Right now she does not love analysing English Lit and Poetry, but would rather write it herself, so I would like to steer her to a program where the course of study is weighted more in that direction rather than analysis. Gotta do some more deep dives into the UK uni websites. I am really enjoying the research, though. Keeps my mind off current events here in the US. (2020 will you just go home already.)

    Uni in the UK really seems very affordable compared to costs in the US. We are in that sweet spot where we can't afford the $60k private schools here, but also are unlikely to get any financial aid from public schools, so we will probably be paying $15-$30k out of pocket anyway whether she is in the US or UK or Ireland.

    Thanks for all your help and please feel free to offer any other suggestions.
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  • PikachuRocks15PikachuRocks15 515 replies2 threads Member
    @Sweetgum @Lindagaf Referred to the "Russell Group" of schools which are some of the best schools in the UK (similar to the AAU here,) although they are ranked for research output IIRC.

    Russel Group Schools: https://russellgroup.ac.uk/about/our-universities/

    If your daughter has specific interests when it comes to course structure, then looking through university websites is likely the best course of action. She'll be living in Edinburgh, London, Cardiff, FILL IN UNIVERSITY CITY HERE for 3-4 years, so make sure that she also loves life there (much like US admissions, someone who likes a smaller town's not going to be happy in a larger city, and vice-versa.)

    Hope that helps!
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  • collegemom3717collegemom3717 8200 replies87 threads Senior Member
    UK uni will be $45K+/year all in- but if it is a 3 year course that's comparable to $35K/year for a 4 year college.

    Students at universities in Ireland and the UK don't tend to be competitive with each other academically, and there is a cultural aversion to showing ambition (you hear a lot of 'I've barely cracked a book'' - including from people who were up half the night studying for the exam).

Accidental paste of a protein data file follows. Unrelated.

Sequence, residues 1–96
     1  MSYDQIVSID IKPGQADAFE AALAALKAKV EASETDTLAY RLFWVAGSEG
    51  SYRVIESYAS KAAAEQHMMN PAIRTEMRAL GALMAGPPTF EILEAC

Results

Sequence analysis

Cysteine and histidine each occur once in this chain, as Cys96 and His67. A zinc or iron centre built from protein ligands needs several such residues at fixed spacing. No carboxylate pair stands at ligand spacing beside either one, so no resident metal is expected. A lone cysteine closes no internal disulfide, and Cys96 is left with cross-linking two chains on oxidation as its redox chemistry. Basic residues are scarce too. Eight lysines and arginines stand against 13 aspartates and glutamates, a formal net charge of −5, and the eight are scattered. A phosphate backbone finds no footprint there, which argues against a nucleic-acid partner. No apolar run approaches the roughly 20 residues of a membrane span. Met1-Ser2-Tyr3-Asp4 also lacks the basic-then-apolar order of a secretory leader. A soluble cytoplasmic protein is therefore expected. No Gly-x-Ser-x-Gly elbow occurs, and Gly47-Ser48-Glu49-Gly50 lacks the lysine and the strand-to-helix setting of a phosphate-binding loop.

"She prefers a campus-based school rather than spread out through the city."

    Most UK/Irish universities are in towns/cities, and while most of their buildings are reasonably centralized, but most students don't live on campus. Instead, the students live everywhere and socialize everywhere. In most cases, the university core of town is probably not that different in size to a large US university campus anyway :) . NUI Galway has on-campus accommodation for ~600 students- out of 16,000! Even suburban UCD (despite the name!), which has been aggressively building on-campus accommodation for the last decade+ , and is streets ahead of most UK & Irish unis in that regard, only has about 10% of students directly living on campus. Even in the collegiate unis (Durham, Oxford, Cambridge) aren't college-centric: you live in your college, but the university buildings are spread throughout the town- so the town *is* your campus.

    Tbh, the biggest challenge I see from here is that there are very few Creative Writing courses at undergrad level. Galway has one:


    It's a small course- less than 50 places. Tuition is about €13K, and university accommodation (a not too-long walk to main campus) is ~€4-7K (all self catering- ie, no meal plan).

    UCD has a BA in Humanities, that has an English with Creative Writing pathway: